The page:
Most African United Methodists favor the Traditional Plan, said the Rev. Forbes Matonga, pastor-in-charge at Nyadire Mission Centre in Zimbabwe and a delegate to the February special session.
The plan maintains the current disciplinary language on homosexuality and strengthens enforcement. Matonga is also a leader in the Wesleyan Covenant Association, an unofficial group that advocates the traditionalist perspective.
“This plan is consistent with what is culturally acceptable in most African countries,” Matonga said. “So any plan that proposes to authorize the practice of homosexuality either explicitly or discretely is unacceptable to us.” According to Amnesty International, homosexuality is illegal in 36 African countries and legal in 19.
Endorsers of the Traditional Plan include the Estonia Conference and the North Central Jurisdiction Hispanic Caucus. The South Georgia Conference passed a resolution affirming the present Disciplinary language on homosexuality. At a gathering of the Africa Initiative, an unofficial advocacy group, speakers offered support for the Traditional Plan. The Texas Conference delegates voted to endorse the Traditional Plan. Of those present and voting at a delegate meeting, 15 voted for the plan, eight opposed and two abstained.
And while the African bishops have not endorsed a plan, saying that is up to General Conference delegates, they did unanimously reaffirm their view that marriage is between one man and one woman and vow to “maintain the unity” of the church.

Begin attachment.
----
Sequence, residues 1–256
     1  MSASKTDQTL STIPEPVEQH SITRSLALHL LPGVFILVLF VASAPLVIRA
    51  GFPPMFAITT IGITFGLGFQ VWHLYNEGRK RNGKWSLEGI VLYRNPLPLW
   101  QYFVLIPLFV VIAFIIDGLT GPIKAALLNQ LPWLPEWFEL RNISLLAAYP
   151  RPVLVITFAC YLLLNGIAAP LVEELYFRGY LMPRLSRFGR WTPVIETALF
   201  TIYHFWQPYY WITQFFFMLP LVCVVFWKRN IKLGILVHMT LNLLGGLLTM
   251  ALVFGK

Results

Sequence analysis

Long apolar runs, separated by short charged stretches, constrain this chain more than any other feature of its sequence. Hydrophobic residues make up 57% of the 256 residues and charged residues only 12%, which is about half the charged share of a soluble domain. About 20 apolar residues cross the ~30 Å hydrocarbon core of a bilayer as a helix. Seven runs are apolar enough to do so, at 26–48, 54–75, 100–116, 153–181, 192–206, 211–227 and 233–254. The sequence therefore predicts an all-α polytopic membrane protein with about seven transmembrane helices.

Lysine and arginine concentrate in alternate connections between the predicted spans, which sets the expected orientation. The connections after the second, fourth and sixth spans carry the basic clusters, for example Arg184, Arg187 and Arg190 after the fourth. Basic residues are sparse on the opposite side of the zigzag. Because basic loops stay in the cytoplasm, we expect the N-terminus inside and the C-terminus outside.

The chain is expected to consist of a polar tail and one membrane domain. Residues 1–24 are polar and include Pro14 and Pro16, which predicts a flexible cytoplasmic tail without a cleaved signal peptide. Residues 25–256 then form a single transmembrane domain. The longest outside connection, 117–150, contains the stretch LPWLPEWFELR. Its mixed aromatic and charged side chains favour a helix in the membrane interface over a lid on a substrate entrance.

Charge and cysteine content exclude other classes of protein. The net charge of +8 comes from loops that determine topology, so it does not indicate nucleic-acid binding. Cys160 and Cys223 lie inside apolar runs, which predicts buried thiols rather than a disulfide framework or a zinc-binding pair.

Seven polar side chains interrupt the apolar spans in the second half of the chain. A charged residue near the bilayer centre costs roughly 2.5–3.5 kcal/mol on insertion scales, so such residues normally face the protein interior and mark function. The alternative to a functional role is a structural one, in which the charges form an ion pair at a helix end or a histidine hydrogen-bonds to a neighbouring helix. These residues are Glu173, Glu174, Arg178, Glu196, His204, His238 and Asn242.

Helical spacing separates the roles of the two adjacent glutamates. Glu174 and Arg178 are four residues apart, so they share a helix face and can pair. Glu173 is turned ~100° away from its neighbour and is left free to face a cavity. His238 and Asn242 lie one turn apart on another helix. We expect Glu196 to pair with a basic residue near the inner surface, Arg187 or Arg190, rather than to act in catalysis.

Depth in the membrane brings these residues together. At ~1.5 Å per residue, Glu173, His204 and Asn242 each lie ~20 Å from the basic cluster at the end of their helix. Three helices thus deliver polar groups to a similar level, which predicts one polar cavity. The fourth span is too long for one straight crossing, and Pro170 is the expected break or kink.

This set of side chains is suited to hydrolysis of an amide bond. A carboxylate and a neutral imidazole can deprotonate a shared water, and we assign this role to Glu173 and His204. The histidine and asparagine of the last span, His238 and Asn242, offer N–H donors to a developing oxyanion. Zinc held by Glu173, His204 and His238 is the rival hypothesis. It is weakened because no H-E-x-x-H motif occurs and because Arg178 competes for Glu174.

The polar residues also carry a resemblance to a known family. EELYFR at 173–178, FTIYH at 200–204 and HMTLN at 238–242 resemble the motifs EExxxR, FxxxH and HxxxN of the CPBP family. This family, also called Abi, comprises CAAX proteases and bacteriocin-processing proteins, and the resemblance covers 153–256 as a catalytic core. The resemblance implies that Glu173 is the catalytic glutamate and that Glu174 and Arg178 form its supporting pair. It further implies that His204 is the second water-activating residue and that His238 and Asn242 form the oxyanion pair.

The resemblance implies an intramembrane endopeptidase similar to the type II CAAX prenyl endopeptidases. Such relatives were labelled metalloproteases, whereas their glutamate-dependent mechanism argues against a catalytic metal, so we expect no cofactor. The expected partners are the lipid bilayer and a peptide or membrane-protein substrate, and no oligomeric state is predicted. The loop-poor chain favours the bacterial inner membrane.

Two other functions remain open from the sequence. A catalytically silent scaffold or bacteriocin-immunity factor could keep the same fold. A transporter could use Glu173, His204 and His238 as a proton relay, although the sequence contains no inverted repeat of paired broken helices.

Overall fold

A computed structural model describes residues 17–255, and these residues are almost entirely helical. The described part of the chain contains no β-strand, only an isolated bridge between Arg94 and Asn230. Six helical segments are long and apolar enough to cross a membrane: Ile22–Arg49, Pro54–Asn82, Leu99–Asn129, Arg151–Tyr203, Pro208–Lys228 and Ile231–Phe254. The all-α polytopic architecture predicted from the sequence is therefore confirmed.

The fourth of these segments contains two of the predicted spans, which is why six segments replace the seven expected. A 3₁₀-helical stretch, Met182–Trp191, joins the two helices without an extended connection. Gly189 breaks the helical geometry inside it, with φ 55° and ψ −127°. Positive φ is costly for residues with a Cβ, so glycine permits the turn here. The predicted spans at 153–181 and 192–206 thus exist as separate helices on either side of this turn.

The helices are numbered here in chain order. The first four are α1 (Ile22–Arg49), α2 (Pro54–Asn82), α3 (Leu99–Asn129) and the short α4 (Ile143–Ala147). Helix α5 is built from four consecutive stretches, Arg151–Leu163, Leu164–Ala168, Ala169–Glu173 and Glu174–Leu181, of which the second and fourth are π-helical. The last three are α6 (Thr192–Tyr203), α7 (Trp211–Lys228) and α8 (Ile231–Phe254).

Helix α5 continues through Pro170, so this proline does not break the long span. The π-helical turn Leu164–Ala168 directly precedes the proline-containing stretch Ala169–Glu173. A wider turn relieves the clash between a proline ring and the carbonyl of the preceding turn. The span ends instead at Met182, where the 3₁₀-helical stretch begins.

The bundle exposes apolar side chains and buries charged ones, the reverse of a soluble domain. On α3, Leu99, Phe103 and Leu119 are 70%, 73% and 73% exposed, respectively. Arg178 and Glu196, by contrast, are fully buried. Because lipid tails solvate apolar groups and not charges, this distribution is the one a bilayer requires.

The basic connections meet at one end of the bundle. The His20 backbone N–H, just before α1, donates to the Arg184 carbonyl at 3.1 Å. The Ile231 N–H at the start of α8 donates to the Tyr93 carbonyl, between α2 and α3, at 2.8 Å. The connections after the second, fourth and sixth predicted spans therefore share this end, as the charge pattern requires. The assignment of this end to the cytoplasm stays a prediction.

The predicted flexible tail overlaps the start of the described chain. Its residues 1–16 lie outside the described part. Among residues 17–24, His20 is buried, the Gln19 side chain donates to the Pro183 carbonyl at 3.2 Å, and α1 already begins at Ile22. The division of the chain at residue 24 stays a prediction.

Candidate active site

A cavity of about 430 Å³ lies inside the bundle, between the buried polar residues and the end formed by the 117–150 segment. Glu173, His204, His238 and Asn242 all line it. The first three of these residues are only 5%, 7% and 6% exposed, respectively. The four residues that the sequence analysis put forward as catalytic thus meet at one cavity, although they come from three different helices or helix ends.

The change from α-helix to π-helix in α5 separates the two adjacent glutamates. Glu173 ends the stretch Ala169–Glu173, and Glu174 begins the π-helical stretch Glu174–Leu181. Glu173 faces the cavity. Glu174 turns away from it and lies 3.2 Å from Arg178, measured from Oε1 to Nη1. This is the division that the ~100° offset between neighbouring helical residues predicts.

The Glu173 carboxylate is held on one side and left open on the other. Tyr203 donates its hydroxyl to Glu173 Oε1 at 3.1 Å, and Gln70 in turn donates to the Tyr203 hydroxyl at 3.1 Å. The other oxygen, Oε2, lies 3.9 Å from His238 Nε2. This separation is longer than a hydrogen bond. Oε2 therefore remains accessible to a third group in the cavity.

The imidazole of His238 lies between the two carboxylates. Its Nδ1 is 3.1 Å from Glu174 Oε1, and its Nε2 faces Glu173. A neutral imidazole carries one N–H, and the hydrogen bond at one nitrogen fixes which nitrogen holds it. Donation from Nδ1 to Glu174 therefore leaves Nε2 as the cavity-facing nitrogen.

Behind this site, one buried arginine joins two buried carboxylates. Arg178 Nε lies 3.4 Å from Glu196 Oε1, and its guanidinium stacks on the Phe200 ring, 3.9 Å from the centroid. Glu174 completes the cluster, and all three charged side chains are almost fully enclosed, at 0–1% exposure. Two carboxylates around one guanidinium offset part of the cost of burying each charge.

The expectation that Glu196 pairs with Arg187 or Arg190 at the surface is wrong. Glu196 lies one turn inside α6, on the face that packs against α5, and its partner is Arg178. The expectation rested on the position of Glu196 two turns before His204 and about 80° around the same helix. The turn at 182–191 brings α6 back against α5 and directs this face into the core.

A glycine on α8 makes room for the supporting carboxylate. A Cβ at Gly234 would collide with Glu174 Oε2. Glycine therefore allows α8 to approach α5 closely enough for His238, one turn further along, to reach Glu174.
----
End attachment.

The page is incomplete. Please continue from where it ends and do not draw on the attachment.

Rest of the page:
The North Central Jurisdiction Hispanic Caucus said in its endorsement of the Traditional Plan that it would maintain biblical standards to be welcoming while keeping the current bans on homosexuality, as well as other forms of extramarital sex.
The Modified Traditional Plan beefs up enforcement against bishops who violate the Book of Discipline and includes $200,000 grants for annual conferences who wish to leave the denomination over the issue of homosexuality. It is supported by the Renewal and Reform Coalition, which includes Good News, the Confessing Movement within The United Methodist Church, UMAction, Taskforce of United Methodists on Abortion and Sexuality and the Wesleyan Covenant Association.
“Some of us felt that (the Traditional Plan) needed to be more complete than it was, especially the whole accountability issue,” said the Rev. Maxie Dunnam, minister-at-large at Christ United Methodist Church in Memphis. “We felt that … needed to be clarified more.”
Some modified plan advocates are also supportive of the original Traditional Plan. And others want the Traditional Plan modified in different ways than the changes added by the Modified Traditional Plan.